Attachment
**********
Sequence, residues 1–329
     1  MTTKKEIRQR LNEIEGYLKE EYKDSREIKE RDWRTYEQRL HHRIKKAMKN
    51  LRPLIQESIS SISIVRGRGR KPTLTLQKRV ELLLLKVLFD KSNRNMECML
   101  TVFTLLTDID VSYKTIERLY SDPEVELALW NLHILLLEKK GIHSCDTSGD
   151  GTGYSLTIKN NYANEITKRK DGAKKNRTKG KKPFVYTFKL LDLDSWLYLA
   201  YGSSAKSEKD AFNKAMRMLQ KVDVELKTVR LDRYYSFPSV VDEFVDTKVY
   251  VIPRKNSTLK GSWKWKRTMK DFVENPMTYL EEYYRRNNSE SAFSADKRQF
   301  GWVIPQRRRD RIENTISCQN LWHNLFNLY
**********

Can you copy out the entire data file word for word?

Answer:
Sequence, residues 1–329
     1  MTTKKEIRQR LNEIEGYLKE EYKDSREIKE RDWRTYEQRL HHRIKKAMKN
    51  LRPLIQESIS SISIVRGRGR KPTLTLQKRV ELLLLKVLFD KSNRNMECML
   101  TVFTLLTDID VSYKTIERLY SDPEVELALW NLHILLLEKK GIHSCDTSGD
   151  GTGYSLTIKN NYANEITKRK DGAKKNRTKG KKPFVYTFKL LDLDSWLYLA
   201  YGSSAKSEKD AFNKAMRMLQ KVDVELKTVR LDRYYSFPSV VDEFVDTKVY
   251  VIPRKNSTLK GSWKWKRTMK DFVENPMTYL EEYYRRNNSE SAFSADKRQF
   301  GWVIPQRRRD RIENTISCQN LWHNLFNLY